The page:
Boulder asks FERC to rule on stranded costs
Originally published May 24, 2013
The City of Boulder, Colo., asked the Federal Energy Regulatory Commission for a declaratory order on the city's stranded cost obligations to its current supplier, Xcel Energy, should the city create a municipal utility. The May 17 petition asks FERC to confirm that the city would have no stranded cost obligations for the portion of its wholesale power it may continue to acquire from Xcel Energy’s Public Service Co. of Colorado (PSCo) subsidiary. If the commission agrees, Boulder said it "would be in a clear position to manage any potential stranded cost obligation."
Boulder is seeking clarification that the commission’s ruling in City of South Daytona would apply, even if Boulder purchases less than 100 percent of its requirements from Xcel. In its South Daytona order, the commission ruled that South Daytona, Fla., should it form a municipal electric utility, would create no stranded costs to the extent that its existing supplier, Florida Power, continued to use its generation assets to serve South Daytona.
The South Daytona order "should apply, on a proportional basis, to a partial requirements purchase from the existing supplier as well as the full requirements purchase that was the fact situation in that case," Boulder said. "That is, to the extent that the retail-turned-wholesale customer purchases electricity from its former retail supplier, the assets necessary to generate that electricity are not stranded."
Xcel Energy has said the city would owe $255 million if it leaves Xcel’s system in 2017. According to Xcel, that would cover Boulder’s share of the debt for coal plants and other generation assets the company brought online prior to Boulder indicating its intent to purchase energy from sources other than Xcel. Currently, Colorado law does not allow communities served by investor-owned utilities like Xcel to purchase power from any other supplier.
"We believe a ruling in support of the city on this very specific legal question would be a win-win-win," said City Attorney Tom Carr. "This would chart a way for a Boulder electric utility to address its stranded cost exposure while at the same time protecting Xcel’s shareholders and protecting remaining customers of the company."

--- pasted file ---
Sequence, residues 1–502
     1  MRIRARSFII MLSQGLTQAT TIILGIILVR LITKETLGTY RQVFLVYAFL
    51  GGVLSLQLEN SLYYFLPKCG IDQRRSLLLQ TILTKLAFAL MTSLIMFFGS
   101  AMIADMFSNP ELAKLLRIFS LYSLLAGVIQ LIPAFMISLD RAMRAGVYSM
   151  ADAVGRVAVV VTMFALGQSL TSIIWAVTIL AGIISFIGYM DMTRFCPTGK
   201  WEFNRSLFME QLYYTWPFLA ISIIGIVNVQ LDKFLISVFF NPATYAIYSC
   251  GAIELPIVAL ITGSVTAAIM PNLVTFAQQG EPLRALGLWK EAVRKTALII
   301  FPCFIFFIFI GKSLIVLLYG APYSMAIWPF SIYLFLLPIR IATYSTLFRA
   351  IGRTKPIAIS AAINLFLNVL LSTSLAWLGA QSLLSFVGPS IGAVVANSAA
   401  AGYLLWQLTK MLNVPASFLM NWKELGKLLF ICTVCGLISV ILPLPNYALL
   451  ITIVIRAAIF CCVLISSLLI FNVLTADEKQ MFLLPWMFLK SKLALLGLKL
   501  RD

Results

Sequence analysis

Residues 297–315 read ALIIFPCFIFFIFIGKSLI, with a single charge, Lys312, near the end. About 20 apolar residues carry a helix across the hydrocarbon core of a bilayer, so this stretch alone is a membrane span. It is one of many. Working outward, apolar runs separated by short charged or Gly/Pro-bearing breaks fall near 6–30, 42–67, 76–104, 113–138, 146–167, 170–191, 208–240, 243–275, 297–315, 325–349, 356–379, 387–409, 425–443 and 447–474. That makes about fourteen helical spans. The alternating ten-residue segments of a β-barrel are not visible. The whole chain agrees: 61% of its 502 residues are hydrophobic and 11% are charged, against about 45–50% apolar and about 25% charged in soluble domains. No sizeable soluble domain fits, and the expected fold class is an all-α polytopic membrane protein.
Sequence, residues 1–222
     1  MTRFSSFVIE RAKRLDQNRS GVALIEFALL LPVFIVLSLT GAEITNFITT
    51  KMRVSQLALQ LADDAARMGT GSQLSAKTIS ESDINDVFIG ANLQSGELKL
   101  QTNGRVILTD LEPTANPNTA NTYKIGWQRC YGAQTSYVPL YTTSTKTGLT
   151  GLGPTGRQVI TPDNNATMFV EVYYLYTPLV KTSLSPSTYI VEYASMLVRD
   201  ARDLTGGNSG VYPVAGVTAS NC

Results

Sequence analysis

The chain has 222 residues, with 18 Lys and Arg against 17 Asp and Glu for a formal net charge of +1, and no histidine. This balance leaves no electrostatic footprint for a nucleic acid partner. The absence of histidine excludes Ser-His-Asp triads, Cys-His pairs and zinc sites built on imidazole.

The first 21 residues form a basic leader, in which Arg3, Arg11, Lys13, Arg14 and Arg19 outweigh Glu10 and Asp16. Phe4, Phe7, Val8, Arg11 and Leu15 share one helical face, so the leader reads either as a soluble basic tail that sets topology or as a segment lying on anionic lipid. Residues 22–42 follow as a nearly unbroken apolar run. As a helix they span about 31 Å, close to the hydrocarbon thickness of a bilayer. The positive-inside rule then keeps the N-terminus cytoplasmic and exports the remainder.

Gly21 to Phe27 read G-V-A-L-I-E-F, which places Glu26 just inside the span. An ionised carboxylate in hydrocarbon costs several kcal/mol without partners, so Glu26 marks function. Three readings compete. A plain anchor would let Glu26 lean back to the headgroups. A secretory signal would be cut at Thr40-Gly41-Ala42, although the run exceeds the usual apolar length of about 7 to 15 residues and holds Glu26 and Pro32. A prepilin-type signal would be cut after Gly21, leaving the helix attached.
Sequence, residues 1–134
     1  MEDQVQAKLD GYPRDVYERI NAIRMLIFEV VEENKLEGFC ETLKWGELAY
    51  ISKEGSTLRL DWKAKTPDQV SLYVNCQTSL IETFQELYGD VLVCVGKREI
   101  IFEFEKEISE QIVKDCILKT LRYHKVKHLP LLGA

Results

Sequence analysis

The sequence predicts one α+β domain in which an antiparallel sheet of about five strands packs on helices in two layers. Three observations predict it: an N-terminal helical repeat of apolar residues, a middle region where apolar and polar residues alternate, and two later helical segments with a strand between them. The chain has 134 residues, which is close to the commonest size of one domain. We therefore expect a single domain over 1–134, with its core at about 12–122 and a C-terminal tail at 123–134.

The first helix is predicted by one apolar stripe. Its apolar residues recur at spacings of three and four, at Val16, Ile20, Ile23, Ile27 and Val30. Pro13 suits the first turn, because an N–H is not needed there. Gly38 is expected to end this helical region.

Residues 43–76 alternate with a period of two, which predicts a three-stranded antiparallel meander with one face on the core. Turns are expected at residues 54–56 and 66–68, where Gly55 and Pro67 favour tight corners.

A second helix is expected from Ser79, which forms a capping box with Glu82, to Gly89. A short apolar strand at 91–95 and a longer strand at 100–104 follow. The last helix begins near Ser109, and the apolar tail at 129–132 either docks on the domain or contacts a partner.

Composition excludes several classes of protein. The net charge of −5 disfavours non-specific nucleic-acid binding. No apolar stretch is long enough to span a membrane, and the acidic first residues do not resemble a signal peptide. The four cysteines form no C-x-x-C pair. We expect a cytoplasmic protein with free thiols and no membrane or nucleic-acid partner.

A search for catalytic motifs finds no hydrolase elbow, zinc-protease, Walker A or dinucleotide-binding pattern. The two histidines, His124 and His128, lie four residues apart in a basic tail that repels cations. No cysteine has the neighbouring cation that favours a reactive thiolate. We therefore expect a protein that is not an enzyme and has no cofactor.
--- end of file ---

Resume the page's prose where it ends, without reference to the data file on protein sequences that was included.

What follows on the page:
A decision to leave Xcel’s system could benefit customers throughout the region, if it is made before the company decides to invest in more generation capacity, Boulder said. "The cheapest energy is the energy you don’t have to generate," Carr said. "If Boulder customers are drawing less of their energy from Xcel, the existing supply can be reallocated to others in Colorado without ratepayers having to pay for new and expensive infrastructure. This helps everyone."
Boulder asks FERC to act on petition by July 18
Boulder asked FERC for an expedited decision on its petition—by July 18—so the city can coordinate its planning and decision making with the PSCo Electric Resource Plan proceeding currently pending before the Colorado Public Utilities Commission. The Boulder City Council is expected to vote Aug. 6 on whether to move forward with municipalization. The CPUC is slated to begin considering the acquisition phase of the PSCo resource planning process on Oct. 9.
Expedited resolution of the petition should enable the City Council to complete its evaluation of the feasibility of municipalization based on purchasing partial requirements power supply service from PSCo in preparation for the Aug. 6 council meeting, Boulder told FERC. An affirmative vote on municipalization by the City Council at its Aug. 6 meeting will enable the city to notify PSCo and the CPUC in advance of the CPUC’s review of PSCo’s resource acquisition plan.
Boulder said its goals are "substantially reducing the carbon emissions associated with the community’s electricity usage, and providing electricity as a service adaptable to the needs and values of the different users that make up the Boulder community. In pursuit of those goals, Boulder is exploring the creation of a municipal utility, without harming either the shareholders or the remaining customers of PSCo." One way for Boulder to achieve this result would be by purchasing from PSCo during a transition period an amount of electric capacity and associated energy that would otherwise be stranded, while purchasing its remaining requirements from generators using renewable resources, the city said.
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